Bali Diving Absolute Scuba Padang Bai SSI & PADI courses
Frequently Asked Questions
Eight degrees south of the equator, Bali enjoys a warm, tropical climate all year around, with the most pleasant weather from June until September when the trade winds blow. It can get quite cool in Bali’s extensive mountain regions between April and November. Humidity is highest between November and March, during the rainy season. Even during the heaviest rains, however, the sun is rarely out of sight for long. The average temperature is a pleasant 27.2°C (81°F).
Balinese is a complex language which takes different forms depending on social class or caste distinctions. Bahasa Indonesian is also spoken by all Balinese. With its origins in Old Malay, it has become the Indonesian archipelago’s unifying national language. English is increasingly spoken in the main tourist areas. Dutch is still understood by the older generation, while French, German and Japanese are spoken by specialists in the tourist trade.
The national currency is the Rupiah. Bank notes range from 1,000 and 100,000 rupiahs, while coins range from 100 to 500 rupiahs. US dollars are acceptable in a number of the larger tourist areas. Money changers readily change most currencies, but not always traveler’s cheques. Credit cards are accepted by most hotels and other establishments in the larger towns such as Kuta, Sanur, Ubud, Nusa and Denpasar. ATM machines are unpredictable in some towns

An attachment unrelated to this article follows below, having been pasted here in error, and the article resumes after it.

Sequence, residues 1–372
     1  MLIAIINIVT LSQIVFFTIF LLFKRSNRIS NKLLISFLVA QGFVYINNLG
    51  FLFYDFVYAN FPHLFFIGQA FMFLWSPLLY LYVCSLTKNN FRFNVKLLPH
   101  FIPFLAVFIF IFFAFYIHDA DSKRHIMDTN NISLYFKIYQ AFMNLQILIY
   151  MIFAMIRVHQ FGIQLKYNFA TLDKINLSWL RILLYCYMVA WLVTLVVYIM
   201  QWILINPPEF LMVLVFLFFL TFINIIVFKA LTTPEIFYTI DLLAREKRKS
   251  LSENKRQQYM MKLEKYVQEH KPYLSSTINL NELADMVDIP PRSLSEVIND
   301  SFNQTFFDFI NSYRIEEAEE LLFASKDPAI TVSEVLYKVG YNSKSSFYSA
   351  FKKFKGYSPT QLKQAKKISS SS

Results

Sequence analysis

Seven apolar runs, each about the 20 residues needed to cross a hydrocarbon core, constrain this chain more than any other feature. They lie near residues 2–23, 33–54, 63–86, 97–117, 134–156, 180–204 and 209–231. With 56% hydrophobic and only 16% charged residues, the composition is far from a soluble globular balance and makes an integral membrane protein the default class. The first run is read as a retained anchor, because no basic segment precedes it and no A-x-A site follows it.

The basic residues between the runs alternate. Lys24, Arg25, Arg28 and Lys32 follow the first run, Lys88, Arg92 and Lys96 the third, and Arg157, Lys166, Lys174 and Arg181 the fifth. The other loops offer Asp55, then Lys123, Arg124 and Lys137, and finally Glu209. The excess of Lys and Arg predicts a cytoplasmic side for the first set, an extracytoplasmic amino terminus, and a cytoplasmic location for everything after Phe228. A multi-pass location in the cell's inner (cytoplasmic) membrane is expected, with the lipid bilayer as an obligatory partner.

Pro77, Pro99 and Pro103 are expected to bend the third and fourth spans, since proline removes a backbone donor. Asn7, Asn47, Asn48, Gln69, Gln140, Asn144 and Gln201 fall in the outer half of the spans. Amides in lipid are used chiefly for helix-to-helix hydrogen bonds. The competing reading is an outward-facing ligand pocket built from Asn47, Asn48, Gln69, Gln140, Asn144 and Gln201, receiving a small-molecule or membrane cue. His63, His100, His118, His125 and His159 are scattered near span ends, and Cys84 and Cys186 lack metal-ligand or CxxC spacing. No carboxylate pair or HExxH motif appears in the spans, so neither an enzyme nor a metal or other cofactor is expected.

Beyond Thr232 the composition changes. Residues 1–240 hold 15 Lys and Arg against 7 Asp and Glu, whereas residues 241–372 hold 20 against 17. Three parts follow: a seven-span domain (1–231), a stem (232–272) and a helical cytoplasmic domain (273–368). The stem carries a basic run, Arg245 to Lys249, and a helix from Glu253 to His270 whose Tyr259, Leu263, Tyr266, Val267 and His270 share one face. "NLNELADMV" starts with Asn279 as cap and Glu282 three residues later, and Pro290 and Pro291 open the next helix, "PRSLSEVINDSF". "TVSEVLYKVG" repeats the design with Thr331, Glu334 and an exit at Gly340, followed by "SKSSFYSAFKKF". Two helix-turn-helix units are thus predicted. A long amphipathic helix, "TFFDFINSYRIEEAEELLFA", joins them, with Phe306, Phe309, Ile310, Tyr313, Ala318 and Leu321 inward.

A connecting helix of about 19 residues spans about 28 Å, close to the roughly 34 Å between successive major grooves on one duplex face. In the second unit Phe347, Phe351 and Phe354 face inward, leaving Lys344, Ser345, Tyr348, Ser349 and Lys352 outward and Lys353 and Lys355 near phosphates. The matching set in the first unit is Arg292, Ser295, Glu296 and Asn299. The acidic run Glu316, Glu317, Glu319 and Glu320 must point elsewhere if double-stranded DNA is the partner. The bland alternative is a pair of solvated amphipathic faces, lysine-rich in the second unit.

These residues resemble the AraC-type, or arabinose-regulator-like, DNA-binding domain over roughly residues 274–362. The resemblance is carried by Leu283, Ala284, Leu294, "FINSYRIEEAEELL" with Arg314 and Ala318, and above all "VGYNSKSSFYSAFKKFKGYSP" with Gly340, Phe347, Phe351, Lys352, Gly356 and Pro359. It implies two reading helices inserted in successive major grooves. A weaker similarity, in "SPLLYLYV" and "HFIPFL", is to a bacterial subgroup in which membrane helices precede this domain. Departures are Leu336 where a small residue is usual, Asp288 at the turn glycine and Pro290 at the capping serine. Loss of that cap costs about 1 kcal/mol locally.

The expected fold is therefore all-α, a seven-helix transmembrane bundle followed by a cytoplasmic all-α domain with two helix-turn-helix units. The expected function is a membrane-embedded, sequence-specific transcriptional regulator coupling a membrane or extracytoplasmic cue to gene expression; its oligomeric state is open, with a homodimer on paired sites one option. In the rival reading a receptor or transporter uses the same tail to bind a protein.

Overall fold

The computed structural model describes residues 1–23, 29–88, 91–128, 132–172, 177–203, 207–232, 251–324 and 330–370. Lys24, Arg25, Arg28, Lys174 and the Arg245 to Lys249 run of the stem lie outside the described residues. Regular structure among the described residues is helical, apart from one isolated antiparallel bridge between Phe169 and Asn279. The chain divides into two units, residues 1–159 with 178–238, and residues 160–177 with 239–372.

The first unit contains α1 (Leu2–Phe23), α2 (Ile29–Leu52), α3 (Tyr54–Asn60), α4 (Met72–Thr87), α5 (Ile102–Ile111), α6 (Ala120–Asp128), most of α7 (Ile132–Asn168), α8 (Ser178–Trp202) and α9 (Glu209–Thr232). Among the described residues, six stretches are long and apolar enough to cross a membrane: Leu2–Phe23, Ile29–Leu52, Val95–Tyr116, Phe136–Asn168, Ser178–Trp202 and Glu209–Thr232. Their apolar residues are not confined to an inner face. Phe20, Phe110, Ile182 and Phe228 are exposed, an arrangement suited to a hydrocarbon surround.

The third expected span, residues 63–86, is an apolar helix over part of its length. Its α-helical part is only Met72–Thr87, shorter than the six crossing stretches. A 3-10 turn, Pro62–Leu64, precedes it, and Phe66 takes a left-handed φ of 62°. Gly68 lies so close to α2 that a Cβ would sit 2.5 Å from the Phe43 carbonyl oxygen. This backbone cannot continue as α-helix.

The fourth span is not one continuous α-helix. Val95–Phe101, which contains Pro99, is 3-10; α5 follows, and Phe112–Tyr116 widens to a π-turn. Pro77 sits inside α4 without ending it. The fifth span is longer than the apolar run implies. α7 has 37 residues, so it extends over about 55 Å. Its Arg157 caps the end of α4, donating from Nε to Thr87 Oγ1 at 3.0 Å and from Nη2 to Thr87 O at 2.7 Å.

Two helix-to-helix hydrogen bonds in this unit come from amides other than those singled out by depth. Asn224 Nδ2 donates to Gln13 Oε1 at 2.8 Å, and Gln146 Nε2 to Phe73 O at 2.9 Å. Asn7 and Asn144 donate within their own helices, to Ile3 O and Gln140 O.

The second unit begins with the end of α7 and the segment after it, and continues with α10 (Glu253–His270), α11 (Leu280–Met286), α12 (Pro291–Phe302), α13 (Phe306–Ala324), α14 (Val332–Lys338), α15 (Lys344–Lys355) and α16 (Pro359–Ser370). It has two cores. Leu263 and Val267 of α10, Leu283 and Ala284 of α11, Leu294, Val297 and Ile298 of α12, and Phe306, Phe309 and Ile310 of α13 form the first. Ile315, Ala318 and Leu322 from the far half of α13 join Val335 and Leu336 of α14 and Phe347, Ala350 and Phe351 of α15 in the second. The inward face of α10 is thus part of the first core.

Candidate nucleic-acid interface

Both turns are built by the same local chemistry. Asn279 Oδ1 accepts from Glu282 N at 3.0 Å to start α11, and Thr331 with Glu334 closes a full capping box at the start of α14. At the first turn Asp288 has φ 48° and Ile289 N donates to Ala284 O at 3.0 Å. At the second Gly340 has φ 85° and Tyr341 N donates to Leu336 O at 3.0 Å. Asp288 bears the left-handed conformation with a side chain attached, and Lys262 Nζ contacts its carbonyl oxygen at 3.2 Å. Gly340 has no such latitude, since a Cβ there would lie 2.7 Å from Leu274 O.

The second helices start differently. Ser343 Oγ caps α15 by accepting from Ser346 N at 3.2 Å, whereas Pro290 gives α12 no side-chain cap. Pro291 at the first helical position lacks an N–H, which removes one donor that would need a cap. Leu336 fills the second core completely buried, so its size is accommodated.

Visitors from certain countries require a tourist visa in advance, some can be obtain on arrival at any international airport in Indonesia and some visitors do not require a visa at all. Prices also vary. Visas are valid for up to thirty days and are non-extendable. One-week visas are also available. Passports must be valid for at least six months from the arrival date and have at least four full blank pages. Guests are advised to check with their nearest Indonesian embassy or consulate prior to travel.
In certain areas of Southeast Asia there is a chance of contracting mosquito-borne diseases. Reasonable precautions, including the use of mosquito repellent will minimise the risk. You may also wish to consult your doctor prior to travel.
Electricity is 220 volts/50 cycles. Bali’s time zone is plus eight hours GMT.
You will find a range of chauffeur driven limousines, self-drive cars, taxis and hotel courtesy cars. Many taxis are not metered so it's wise to negotiate the fare before you climb aboard. Bemos are a unique form of transport. They are a mini-van masquerading as a communal bus. You simply hail the driver and negotiate the fare that suits you both. Motorcycles can also be hired in many places but special care should be exercised at all times as road and traffic conditions can be somewhat hazardous in certain locations. Traveling around Bali is made all the easier because everywhere you go you'll find friendly people only too happy to give you advice and directions on how to get where you want to go.